please forgive my unsolicited interruption, I just had to write you before I could return to my thunderbird thing.
    - christine

  4. I wish I could say something more than sorry.

  5. @Christine ( - thank you so much for your kind words, which I very greatly appreciate. Mom was such a special, central part of my world - my rock upon which I built my life, and without her I am so lost and alone, with no other family to support me through this most difficult, traumatic time in my life. I know that she was very proud of my writings, and I am truly grateful that I was able to achieve success for her, making her happy. I just wish she were still here today, to guide and inspire me as only a loving mother can.

  6. Thank you also for your positive comments re my blogs, which I hope that you continue to enjoy. If you can obtain a copy of my current;y out-of-print book In Search of Prehistoric Survivors, there is a lengthy section in it on the subject of thunderbirds that may interest and be of use to you.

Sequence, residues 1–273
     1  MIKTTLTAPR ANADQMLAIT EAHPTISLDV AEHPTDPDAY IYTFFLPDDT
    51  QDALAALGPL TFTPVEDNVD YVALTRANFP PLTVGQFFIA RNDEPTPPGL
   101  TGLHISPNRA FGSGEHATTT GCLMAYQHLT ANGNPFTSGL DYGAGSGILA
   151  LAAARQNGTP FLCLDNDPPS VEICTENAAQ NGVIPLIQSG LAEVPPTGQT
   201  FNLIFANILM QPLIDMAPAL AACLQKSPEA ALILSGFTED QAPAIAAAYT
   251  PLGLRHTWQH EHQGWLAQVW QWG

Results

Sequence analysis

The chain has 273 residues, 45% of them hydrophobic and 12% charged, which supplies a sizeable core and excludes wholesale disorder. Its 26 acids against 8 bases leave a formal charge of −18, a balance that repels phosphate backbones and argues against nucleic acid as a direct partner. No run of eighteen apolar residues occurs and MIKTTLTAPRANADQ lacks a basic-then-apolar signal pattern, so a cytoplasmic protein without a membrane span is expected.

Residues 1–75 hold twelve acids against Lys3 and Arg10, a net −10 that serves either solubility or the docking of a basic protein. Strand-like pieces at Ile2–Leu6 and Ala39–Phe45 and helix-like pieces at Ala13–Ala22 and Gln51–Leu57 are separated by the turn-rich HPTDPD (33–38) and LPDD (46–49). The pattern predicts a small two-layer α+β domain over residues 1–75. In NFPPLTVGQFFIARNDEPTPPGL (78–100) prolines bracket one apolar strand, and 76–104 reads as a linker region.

7. My condolences on the passing of your beloved Mother; as a Mom myself, I'm sure that you made her very happy.

    And thank you so much for your continued contributions to the scientific world and for making your work accessible to the public. I've enjoyed many hours of your writing.
    Yours, D.S., Waco, TX, USA

  8. Thank you so much for your kind words, which I greatly appreciate, especially tonight, when they arrived at a time when I was at a very low ebb, so they helped to lift my spirits. I've very happy that my writing has brought you so much enjoyment - to continue doing so for you and for other readers seems to be the only purpose that I have in life now, but it is a good one, and one that my mother also always believed was for me. Very best wishes, Karl